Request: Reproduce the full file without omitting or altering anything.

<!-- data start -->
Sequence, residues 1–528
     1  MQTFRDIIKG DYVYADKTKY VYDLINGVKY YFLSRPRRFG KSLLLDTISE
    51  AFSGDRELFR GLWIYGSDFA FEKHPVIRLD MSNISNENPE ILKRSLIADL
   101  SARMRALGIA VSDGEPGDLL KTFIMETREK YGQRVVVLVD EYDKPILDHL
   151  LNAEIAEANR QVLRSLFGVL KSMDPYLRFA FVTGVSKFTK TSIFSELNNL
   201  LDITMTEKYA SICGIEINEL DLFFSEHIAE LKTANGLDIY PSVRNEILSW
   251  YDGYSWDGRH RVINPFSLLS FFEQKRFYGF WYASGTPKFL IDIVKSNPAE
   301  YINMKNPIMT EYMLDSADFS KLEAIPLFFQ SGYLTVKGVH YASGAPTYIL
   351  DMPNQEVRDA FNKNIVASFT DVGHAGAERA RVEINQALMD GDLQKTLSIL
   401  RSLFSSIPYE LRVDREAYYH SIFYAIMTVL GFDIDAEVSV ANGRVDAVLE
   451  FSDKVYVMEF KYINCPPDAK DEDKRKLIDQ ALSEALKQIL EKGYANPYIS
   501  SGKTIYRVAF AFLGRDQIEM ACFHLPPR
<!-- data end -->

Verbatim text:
Sequence, residues 1–528
     1  MQTFRDIIKG DYVYADKTKY VYDLINGVKY YFLSRPRRFG KSLLLDTISE
    51  AFSGDRELFR GLWIYGSDFA FEKHPVIRLD MSNISNENPE ILKRSLIADL
   101  SARMRALGIA VSDGEPGDLL KTFIMETREK YGQRVVVLVD EYDKPILDHL
   151  LNAEIAEANR QVLRSLFGVL KSMDPYLRFA FVTGVSKFTK TSIFSELNNL
   201  LDITMTEKYA SICGIEINEL DLFFSEHIAE LKTANGLDIY PSVRNEILSW
   251  YDGYSWDGRH RVINPFSLLS FFEQKRFYGF WYASGTPKFL IDIVKSNPAE
   301  YINMKNPIMT EYMLDSADFS KLEAIPLFFQ SGYLTVKGVH YASGAPTYIL
   351  DMPNQEVRDA FNKNIVASFT DVGHAGAERA RVEINQALMD GDLQKTLSIL
   401  RSLFSSIPYE LRVDREAYYH SIFYAIMTVL GFDIDAEVSV ANGRVDAVLE
   451  FSDKVYVMEF KYINCPPDAK DEDKRKLIDQ ALSEALKQIL EKGYANPYIS
   501  SGKTIYRVAF AFLGRDQIEM ACFHLPPR